But I don't understand how they see these converged devices as any kind of problem whatsoever when the phone portion is off. I have to believe that laptops with built-in (or separate) wireless cards and other devices should be more of an issue than our Treos with the phone off.

    I don't understand who makes the rules. I'm guessing that the FAA has a basic set of standard rules and the airlines go above and beyond those with their own add-ons.

    I have flown United lately and there's no problem with using my Treo on their airline so I'm going to be flying United and others until/if Southwest becomes more electronic device-friendly.

    One of the flight attendants gave me this address (of course it's snail mail - they don't want to give out e-mail addresses to avoid being inundated with e-mail):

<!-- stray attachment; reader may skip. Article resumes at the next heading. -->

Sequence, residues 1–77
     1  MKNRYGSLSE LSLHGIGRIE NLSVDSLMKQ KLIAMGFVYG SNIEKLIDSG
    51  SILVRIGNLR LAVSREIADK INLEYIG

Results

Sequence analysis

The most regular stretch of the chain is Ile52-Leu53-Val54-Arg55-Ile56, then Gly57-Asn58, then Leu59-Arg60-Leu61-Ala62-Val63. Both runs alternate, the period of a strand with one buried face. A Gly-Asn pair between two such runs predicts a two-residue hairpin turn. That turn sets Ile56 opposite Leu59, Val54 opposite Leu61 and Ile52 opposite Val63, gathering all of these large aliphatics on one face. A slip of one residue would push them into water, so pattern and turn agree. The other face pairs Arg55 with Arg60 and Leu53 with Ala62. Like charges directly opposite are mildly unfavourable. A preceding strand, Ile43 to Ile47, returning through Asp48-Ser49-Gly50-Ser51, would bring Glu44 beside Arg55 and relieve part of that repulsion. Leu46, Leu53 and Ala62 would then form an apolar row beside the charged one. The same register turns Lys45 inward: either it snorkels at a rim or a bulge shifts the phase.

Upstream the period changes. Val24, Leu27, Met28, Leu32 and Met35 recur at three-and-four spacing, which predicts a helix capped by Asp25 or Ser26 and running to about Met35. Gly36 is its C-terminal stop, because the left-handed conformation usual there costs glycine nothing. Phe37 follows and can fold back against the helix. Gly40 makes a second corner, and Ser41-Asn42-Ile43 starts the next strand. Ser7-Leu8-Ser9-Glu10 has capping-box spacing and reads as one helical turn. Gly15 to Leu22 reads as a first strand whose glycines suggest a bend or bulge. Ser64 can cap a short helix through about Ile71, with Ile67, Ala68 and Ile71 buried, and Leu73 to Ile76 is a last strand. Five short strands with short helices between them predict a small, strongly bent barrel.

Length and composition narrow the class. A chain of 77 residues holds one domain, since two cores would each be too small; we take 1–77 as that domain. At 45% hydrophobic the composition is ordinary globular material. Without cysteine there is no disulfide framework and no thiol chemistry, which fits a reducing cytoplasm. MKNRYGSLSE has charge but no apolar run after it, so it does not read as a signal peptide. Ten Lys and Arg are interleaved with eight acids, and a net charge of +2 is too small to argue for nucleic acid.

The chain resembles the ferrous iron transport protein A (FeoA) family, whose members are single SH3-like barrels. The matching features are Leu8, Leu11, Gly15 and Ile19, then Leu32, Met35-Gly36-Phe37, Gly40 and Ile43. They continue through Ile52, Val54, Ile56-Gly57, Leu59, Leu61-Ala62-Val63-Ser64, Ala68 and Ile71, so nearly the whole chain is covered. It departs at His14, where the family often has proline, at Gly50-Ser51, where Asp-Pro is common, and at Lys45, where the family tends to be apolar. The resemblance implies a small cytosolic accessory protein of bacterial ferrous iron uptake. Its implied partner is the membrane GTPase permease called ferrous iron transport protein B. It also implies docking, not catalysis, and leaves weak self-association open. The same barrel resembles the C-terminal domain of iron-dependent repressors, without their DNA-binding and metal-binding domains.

Southwest Airlines Co.
    PO Box 36611
    Dallas, TX 75235-1611

    I will send a letter to them and I ask you to do the same. In the meantime, don't fly Southwest until they recognize the value of their gadgetized customers!

    PS: What exactly is Southwest's problem? I know they're doing most things right and making money (hard for most to do in that industry). But just how hard would it be for them to allow us to get assigned seats when we get our boarding passes online or at their kiosks? Computers do neat things nowadays including reserving seats. I've never appreciated Southwest's willingness to treat their passengers like herds of cattle when we wait to board and do the seat free-for-all.

    <rant off>
    -MagicMtnDan
    SoCal

  20. #20  
    I think Toby on The West Wing had a great quote. If I recall correctly, it went something like this:

    "Are you trying to tell me that, I can sabotage a multi-billion dollar industry with a 10 dollar device I bought at Radio Shack?"